Hell, maybe they did have EP, from the Obama administration, no less….

  2. Anonymous

    March will be an interesting month, as some hedge funds who refused withdrawals at year end will have to start providing them to those investors that still want it. I don’t think the risk of hedge funds is over yet.

  3. Swedish Lex

    Banks should by now, i.e. 18 months into the crisis, have a full picture of the situation of their clients and should be able to “stress test” their positions simply by tweaking the inputs a bit.

    Geithner’s stress tests are de facto already done. Is he simply buying time to pave the way for nationalisation as many think?

    When we did this in Sweden, the auditors were with us all the time. We often spent more time with them than with the CFOs. They were anxious to protect the reputation of themselves and their firms and did thus not automatically assume a defensive position when we came in an questioned the values of the assets, the collateral, etc.

  4. Anonymous

    What rubbish from the WSJ:

    “Under financial pressure, securities firms are dividing their hedge-fund clients into lists of those they consider best able to weather the financial turmoil and those they’re less sure of. The result is that more funds may have to merge, find other financing at higher cost or close.”

    The WSJ should investigate and report that Hedge Funds are being selected for salvation based on how well connected they are and how much influence they can bring to bear. The taxpayer is purchasing the time for this bailout. Part of the racket now is to keep selected hedgies afloat so they can be bailed out. Move your CRAP now to the TARP or select FED Window of your choice. The final deluge and collapse will come when this work is completed. With 8-10000 Hedgies, this could take a while. College chums of Timmie and Bernie first.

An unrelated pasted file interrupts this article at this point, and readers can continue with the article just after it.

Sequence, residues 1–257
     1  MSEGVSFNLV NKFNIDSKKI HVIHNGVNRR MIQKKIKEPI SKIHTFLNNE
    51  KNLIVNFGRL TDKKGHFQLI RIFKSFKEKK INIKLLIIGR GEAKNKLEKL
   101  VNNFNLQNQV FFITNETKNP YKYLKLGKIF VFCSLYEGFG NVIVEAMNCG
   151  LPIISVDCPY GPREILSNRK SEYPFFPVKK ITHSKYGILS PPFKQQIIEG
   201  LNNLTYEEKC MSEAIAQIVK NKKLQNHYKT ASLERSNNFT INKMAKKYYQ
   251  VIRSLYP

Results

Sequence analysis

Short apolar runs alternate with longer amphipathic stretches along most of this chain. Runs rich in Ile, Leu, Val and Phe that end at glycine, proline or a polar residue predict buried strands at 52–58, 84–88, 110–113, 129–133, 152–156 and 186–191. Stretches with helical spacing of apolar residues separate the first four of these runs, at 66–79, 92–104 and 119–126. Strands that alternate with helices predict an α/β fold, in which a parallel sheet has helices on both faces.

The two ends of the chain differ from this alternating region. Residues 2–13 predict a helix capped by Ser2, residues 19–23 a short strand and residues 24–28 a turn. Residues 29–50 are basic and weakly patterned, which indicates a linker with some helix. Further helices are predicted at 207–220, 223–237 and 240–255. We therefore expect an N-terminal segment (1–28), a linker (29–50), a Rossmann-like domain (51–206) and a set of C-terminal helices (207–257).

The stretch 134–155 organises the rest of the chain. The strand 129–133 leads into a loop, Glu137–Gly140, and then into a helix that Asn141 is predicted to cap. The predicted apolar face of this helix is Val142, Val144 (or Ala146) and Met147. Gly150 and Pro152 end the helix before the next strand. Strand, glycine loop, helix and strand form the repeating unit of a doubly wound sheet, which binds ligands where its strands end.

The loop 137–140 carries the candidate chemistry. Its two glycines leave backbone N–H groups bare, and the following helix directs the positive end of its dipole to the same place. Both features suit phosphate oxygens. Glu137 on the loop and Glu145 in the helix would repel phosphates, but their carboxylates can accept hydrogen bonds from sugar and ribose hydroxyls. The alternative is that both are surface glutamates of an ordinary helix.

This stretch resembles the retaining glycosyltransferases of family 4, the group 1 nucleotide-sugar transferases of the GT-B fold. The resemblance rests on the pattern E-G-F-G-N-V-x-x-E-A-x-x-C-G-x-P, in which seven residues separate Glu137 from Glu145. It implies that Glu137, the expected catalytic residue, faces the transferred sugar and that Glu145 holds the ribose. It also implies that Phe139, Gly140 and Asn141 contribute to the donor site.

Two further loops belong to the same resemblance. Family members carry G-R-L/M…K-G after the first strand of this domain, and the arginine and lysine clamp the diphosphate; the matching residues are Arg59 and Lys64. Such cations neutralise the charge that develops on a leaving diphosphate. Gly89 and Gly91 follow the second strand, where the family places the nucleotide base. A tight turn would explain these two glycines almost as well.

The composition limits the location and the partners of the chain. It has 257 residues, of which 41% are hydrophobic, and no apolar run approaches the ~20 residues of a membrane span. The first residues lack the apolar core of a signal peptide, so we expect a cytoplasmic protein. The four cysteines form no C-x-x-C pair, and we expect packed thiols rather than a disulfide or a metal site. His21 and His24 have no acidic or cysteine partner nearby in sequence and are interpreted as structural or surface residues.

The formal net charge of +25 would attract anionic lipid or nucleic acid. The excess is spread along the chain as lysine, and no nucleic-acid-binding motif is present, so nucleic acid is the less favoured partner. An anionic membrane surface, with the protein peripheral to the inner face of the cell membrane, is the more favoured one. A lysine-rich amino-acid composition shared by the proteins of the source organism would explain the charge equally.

5. Anonymous

    Hedge funds use a lot of different strategies Aggressive Growth, Distressed securities, Emerging markets, fund of funds, Income ,Macro, Arbitrage, Securities Hedging, Market Timing, Short Selling and Value to name but a few. Some but not alll, hedge fund strategies tend to hedge against downturns in the markets being traded. Those Hedge funds which don’t actually hedge their investments portfolios and are essentially gambling are the ones which are having the biggest problems.

    Hedge funds appear to be intertwined with banking in many ways with banks often using hedge funds to protect their exposures to certain markets. Pension funds are also big users of hedge funds and we are all going to have to put a little bit more into our pension pots as a result of the demise of some of these hedge funds.

    For me although In some ways I would like to blame the fraternity of rich for picking which funds survive in reality I think it has a lot more to do with hedge fund strategies.

  6. fresno dan

    Annoymous at 10:43:

    originally posted 2/5/09 at 5:56 am
    being a bureacrat, I like the precedent of bureacrats citing “executive privilege” from US presidents who are no longer US presidents.
    Nest step – US presidents who are no longer alive (Taft said executive privilege!)
    Final step – any president of anything (the president of the order of nudist tiddly winkers cites executive privilege!!!)

    The bureacracy loves EP – why answer questions when you don’t have to!!!